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Spectrum: Autism Research News

Duplication of chromosome 22 region thwarts schizophrenia

by  /  2 January 2014

This article is more than five years old. Autism research — and science in general — is constantly evolving, so older articles may contain information or theories that have been reevaluated since their original publication date.

DNA defenses: People with a duplication of 22q11.2 often have intellectual disability, developmental delay and other psychiatric symptoms, but rarely have schizophrenia.

Carrying a duplication of the 22q11.2 chromosomal region may protect against schizophrenia, suggests a study published 12 November in Molecular Psychiatry1. This is the first evidence of a genetic region that lowers the risk of a disorder rather than increases it.

Deletion of this part of chromosome 22 is the strongest known risk factor for schizophrenia, and is also linked to autism, attention deficit hyperactivity disorder and anxiety in childhood. Various other copy number variations (CNVs), or stretches of a chromosome that are deleted or duplicated multiple times in the genome, have been linked to schizophrenia, autism and other neurological conditions.

The new study is the first to pinpoint a CNV that lowers the risk of a disorder, however.

“It was pretty surprising that [the duplication] was protective against schizophrenia, because that sort of thing hadn’t been seen before,” says Michael O’Donovan, deputy director of the Institute of Psychological Medicine and Clinical Neurosciences at Cardiff University in Wales, and one of the lead investigators.

One or more genes in that region may be responsible for this protective effect, which seems to be specific to schizophrenia. People with the duplication often have intellectual disability, developmental delay and other psychiatric and behavioral symptoms.

O’Donovan and his colleagues first examined how often the 22q11.2 duplication turns up in 6,882 people diagnosed with schizophrenia and 11,255 controls without a diagnosed psychiatric history. They looked for large duplications, spanning 1.5 to 3 megabases, in the 22q11.2 region. This matches the length of risk-inducing deletions and previously observed duplications in this region.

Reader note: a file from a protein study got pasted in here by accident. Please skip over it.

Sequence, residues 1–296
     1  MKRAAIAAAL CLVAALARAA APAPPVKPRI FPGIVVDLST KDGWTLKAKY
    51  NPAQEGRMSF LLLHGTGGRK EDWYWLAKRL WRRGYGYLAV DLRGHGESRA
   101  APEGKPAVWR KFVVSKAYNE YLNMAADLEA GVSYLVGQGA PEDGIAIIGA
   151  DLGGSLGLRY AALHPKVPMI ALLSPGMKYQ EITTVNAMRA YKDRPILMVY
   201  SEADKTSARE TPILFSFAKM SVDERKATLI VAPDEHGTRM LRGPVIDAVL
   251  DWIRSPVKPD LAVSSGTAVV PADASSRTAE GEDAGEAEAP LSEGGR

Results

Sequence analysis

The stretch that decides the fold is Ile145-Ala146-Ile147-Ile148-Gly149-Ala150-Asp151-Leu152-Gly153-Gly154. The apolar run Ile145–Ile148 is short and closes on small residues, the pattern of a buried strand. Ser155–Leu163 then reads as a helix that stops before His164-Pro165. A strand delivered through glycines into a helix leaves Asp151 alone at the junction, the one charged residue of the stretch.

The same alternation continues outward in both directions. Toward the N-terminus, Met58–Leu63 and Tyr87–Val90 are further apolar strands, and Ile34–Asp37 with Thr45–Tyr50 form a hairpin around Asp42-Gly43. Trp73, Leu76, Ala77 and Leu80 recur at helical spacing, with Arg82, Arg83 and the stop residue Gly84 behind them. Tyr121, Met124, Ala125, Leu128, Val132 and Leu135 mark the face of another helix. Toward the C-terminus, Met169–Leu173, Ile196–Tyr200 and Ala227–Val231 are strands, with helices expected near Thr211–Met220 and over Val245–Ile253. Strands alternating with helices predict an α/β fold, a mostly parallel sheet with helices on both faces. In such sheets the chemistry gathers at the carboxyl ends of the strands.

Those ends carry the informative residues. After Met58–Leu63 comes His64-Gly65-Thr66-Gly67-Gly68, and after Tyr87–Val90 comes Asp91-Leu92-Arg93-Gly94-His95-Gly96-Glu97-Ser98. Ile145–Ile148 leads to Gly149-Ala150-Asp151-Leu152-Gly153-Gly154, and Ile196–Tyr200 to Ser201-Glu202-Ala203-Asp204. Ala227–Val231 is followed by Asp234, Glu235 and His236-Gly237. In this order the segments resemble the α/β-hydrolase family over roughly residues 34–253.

None of the people with schizophrenia have the duplication, the researchers found, but ten of the controls, less than one-tenth of a percent, do. In contrast, 20 people with schizophrenia have deletions of the region, but none of the controls do.

Detecting duplications:

Statistically, it’s unlikely that the difference in duplications between the two groups is just a fluke. But because the duplication is so rare, “We wanted to see if it was one of these chance fluctuations you sometimes get with a rare phenomenon,” says O’Donovan.

The team set out to replicate the finding in an even larger sample. This time, they looked for the duplication in 14,256 people with schizophrenia and 14,612 controls with no psychiatric history.

Results from these larger groups also showed that the duplication is much rarer in people with schizophrenia than in controls: only 3 people with the disorder, or 0.021 percent, have the duplication, compared with 12 of the controls, or 0.082 percent.

This makes it unlikely that the finding is a product of chance rather than a real genetic effect, O’Donovan says.

Because some people with the duplication still develop schizophrenia, it doesn’t seem to provide absolute protection against the disorder, O’Donovan says; it may just lower risk of the disorder.

Other scientists who study 22q11.2 are intrigued by the result. “This is the first study that’s shown the duplication can actually decrease risk for psychosis when the deletion unequivocally increases risk for psychosis,” says Carrie Bearden, associate professor of clinical psychology at the University of California, Los Angeles. Bearden studies 22q11.2 deletion syndrome but was not involved in the new work.

The size of the study, and the fact that it included an independent replication group, makes the data more solid, she adds. “They looked at 47,000 people, and it gives you confidence that this is a real finding.”

The finding also raises new questions, says Beverly Emanuel, chief of the division of human genetics and molecular biology at the Children’s Hospital of Philadelphia, who was not involved in the study. “Now the question is to detect what it is about the region, which genes or elements in the genome might be responsible for the protective effect.”

Determining which genes are responsible for the effect isn’t likely to be easy. Although the deletion has been linked to schizophrenia for years, the mechanism by which it increases risk of the disease is still something of a mystery.

Looking to animal models of genes in the duplicated region, or to people who have duplications of genes, might be good first steps. “I think we need those mechanistic studies in both humans and animals,” Bearden says. “This gives us a very good reason to home in on that.”


1: Rees E. et al. Mol. Psychiatry Epub ahead of print (2013) PubMed